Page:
JACKSONVILLE, Fla. – Northeast Florida anglers tell Action News they’re disgusted by recently uncovered video of an oil rig exploding in the Gulf of Mexico, that left an estimated 10,000 pounds of red snapper floating on the surface.
“It's the most cost-effective way [to remove the rigs] but it's also the most environmentally damaging,” says Dr. Quinton White, Executive Director of the Marine Science Institute at Jacksonville University. “It's not something to be unexpected. If you blow something up, you're going to kill fish.”
Action News has learned a federal mandate requires an estimated 5,000 abandoned oil rigs be removed from the Gulf, because lawmakers consider them an eyesore, dangerous for boaters and often used by drug smugglers.
Over the decades, however, the rigs have become artificial reefs, and home to thousands of fish like Red Snapper.
Red Snapper is perhaps the most sought after seafood, and Northeast Florida was once the epicenter of a thriving industry. St. Augustine Charter boat Captain Robert Johnson calls it the most popular fish he used to be able to catch.
“My business is a good indicator of how the industry has changed and I’m down 50 percent.”
In the 1980’s, the government enforced heavy regulations to protect red snapper from overfishing. Johnson says the fish is now more plentiful than ever before, but regulations still haven’t changed.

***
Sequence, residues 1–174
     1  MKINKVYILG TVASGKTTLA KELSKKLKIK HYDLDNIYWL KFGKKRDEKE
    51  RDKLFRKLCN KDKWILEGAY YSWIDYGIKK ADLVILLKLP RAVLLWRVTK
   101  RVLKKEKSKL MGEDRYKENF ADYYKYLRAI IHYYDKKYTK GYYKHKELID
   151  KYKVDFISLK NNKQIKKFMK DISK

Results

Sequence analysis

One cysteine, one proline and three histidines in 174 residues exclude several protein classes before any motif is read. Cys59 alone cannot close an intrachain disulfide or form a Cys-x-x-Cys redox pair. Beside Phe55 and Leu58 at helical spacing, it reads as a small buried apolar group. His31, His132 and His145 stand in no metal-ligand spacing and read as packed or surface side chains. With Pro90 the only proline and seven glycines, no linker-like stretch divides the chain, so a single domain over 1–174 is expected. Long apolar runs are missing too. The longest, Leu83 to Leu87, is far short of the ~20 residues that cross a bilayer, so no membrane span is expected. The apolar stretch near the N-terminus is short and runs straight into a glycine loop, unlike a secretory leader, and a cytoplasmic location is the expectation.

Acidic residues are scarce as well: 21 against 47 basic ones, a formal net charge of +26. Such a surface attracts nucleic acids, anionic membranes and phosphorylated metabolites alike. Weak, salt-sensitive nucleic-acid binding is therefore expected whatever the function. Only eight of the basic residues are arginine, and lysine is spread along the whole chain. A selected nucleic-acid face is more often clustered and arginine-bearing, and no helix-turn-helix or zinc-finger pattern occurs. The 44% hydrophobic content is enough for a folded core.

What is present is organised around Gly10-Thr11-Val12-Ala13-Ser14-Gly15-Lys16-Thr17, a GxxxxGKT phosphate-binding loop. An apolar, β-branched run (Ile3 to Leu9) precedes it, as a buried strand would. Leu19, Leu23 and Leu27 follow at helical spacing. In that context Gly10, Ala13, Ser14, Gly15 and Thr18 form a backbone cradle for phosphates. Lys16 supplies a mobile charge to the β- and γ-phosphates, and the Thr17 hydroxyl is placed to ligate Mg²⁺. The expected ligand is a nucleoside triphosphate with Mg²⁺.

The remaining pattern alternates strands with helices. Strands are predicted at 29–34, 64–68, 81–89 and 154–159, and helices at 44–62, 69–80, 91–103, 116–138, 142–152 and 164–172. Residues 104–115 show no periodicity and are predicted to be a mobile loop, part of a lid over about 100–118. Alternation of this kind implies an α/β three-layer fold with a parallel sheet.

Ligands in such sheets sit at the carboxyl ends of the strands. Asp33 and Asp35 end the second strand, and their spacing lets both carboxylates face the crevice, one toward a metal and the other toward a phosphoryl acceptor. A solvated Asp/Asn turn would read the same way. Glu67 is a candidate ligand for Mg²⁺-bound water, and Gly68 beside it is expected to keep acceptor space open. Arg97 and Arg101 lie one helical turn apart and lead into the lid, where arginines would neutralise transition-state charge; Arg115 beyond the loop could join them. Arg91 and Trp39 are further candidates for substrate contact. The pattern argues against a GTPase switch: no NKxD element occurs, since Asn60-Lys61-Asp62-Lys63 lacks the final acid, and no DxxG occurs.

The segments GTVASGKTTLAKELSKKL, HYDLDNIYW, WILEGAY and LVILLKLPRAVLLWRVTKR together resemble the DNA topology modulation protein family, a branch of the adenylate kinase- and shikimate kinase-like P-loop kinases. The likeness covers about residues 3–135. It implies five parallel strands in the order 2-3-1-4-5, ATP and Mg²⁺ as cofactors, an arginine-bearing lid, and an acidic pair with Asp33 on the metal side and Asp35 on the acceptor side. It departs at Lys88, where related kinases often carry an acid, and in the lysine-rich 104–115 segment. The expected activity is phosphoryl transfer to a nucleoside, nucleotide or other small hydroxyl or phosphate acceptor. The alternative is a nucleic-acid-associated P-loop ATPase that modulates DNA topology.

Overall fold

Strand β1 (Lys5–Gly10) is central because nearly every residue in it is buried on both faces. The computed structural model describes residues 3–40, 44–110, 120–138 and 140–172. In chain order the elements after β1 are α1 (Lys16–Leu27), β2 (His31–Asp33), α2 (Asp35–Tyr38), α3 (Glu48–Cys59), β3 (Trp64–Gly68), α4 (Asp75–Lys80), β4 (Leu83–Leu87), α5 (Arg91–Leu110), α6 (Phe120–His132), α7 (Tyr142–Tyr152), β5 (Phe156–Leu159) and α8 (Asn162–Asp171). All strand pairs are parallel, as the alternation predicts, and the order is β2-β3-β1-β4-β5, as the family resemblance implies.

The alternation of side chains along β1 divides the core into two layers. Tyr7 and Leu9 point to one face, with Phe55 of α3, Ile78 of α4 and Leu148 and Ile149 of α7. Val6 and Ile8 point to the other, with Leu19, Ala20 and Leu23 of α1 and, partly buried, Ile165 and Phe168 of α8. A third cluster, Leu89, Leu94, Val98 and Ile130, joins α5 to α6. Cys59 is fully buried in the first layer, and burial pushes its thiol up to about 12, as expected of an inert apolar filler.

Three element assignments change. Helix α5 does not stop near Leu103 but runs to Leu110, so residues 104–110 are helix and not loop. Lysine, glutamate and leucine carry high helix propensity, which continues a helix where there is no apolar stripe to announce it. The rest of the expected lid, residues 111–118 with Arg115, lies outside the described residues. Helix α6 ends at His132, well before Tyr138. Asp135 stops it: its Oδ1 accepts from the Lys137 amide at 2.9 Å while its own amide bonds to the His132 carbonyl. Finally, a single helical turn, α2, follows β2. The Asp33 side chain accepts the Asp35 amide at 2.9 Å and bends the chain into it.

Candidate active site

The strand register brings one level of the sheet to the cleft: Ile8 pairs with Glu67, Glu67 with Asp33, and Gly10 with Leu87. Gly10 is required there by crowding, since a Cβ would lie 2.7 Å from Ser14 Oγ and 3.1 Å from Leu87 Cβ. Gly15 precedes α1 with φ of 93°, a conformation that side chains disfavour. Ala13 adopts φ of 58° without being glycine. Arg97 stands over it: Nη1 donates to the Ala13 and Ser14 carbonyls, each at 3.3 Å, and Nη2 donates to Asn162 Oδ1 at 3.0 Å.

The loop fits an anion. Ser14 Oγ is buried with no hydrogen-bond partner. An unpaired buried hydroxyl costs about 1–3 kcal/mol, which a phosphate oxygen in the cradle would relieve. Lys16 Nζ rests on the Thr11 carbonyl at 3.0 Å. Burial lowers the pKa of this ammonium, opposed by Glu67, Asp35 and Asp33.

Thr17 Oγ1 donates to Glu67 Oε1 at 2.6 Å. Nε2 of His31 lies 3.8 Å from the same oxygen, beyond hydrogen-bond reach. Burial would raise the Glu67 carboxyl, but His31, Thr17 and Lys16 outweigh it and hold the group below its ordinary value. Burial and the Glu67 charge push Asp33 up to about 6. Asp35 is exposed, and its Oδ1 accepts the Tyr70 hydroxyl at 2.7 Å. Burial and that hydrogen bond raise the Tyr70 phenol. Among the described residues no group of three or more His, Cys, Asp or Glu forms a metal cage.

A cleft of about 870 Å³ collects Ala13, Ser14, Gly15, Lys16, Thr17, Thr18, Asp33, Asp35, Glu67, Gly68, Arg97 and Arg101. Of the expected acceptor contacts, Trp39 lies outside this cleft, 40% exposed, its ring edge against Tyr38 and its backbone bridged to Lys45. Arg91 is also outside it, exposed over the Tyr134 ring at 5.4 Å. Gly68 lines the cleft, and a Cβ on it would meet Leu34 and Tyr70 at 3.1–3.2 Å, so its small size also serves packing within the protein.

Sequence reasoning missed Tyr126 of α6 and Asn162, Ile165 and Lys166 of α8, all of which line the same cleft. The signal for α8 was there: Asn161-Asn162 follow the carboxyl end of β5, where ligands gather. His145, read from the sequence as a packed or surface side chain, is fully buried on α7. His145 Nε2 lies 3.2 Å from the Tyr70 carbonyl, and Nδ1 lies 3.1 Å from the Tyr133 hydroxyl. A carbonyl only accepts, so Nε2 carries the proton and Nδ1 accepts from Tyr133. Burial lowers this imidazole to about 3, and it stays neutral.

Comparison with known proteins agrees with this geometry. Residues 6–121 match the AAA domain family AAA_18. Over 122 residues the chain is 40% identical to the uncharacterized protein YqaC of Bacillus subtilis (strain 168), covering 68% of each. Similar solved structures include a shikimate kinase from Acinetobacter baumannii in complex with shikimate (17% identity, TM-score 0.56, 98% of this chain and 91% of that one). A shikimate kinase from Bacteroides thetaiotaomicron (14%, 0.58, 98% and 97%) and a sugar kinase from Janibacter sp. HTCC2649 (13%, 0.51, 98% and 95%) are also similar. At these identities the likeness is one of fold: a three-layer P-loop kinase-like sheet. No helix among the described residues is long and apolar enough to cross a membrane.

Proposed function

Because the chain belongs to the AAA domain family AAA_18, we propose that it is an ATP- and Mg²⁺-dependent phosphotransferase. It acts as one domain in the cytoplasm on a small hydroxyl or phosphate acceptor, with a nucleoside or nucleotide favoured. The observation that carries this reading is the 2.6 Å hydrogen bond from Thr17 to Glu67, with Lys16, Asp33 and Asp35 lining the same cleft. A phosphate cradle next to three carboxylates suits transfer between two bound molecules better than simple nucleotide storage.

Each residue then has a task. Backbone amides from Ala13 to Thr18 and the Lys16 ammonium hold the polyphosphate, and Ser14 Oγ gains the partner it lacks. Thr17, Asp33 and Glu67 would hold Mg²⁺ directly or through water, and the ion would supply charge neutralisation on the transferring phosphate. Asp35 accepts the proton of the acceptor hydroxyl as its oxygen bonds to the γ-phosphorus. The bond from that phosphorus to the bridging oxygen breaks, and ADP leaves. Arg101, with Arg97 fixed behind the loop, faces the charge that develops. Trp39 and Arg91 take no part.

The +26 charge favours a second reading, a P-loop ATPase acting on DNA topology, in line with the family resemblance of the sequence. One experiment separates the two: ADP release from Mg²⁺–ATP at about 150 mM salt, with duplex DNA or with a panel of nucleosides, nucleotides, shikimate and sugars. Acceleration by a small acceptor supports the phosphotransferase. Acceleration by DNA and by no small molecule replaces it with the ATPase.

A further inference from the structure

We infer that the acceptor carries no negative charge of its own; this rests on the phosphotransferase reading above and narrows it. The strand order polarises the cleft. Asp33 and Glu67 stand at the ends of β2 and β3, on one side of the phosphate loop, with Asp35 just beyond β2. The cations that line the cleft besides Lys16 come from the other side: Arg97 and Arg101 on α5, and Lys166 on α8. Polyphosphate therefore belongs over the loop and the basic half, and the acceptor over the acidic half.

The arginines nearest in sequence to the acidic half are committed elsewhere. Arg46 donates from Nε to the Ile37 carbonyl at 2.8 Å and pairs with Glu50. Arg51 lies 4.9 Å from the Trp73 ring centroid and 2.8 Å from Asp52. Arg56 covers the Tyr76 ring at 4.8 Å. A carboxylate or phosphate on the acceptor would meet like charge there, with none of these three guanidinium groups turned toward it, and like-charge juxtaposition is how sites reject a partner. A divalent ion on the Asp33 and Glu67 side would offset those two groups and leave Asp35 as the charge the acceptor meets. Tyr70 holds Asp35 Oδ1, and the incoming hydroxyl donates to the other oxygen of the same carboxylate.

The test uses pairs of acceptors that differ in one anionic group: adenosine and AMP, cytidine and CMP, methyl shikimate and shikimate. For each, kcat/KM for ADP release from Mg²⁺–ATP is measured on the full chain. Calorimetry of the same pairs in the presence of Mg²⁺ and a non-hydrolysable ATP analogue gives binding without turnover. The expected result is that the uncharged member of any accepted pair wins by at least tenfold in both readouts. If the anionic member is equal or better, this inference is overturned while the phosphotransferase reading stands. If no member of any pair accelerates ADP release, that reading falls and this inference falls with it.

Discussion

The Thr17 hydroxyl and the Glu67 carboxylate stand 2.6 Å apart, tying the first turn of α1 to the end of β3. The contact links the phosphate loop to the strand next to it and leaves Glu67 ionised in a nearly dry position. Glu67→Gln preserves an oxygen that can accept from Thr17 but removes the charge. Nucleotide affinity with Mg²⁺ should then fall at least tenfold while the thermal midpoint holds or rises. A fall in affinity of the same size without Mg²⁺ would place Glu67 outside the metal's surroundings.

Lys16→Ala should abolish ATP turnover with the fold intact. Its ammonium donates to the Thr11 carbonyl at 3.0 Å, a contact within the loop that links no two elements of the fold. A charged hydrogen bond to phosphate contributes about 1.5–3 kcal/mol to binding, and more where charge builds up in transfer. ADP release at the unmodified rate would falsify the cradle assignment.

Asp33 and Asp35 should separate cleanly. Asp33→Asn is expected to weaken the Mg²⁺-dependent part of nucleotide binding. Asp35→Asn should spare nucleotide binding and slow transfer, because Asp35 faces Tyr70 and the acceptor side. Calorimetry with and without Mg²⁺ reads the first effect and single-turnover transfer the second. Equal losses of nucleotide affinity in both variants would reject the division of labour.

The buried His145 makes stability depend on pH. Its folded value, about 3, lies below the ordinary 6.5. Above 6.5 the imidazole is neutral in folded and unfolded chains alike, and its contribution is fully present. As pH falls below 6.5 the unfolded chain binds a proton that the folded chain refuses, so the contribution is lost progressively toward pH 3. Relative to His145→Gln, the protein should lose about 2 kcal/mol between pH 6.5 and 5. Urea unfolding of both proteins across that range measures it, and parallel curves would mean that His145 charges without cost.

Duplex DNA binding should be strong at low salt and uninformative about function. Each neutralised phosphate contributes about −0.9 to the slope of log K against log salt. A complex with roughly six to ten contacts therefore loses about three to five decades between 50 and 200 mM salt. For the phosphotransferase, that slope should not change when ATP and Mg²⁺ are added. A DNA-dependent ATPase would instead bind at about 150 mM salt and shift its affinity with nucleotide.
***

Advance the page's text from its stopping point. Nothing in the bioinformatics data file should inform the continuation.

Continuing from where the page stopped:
In the gulf, only a certain number can be caught every year, and in Northeast Florida, anglers are allowed only six days to fish for red snapper.
Johnson told Action News his customers recently caught 26 red snapper on one trip, but all had to be returned to the water.
“It would have been nice if they could have kept just one or two.”
When images the dead snapper came to light, Johnson was furious. He believes the video proves a double standard in government that hurts not only the fishing industry, but the hospitality and tourism as well.
“You're going to tell us we can't go catch a fish because they're overfished and they need to be protected, but then the same government that tells me that is going to go out and just waste who knows how many thousand pounds of red snapper?”
Joe Kistel, Executive Director of Think It, Sink It, Reef It has designed artificial reefs all over the state, and believes there’s a better way to remove the rig’s dangers and protect sea life in the process.
“They're basically putting dynamite on a thriving reef system, hitting a button, and killing a very diverse ecosystem. I don't see why you necessarily have to take the whole structure down, especially by using explosives. Removing the tops of the structures seems to be enough.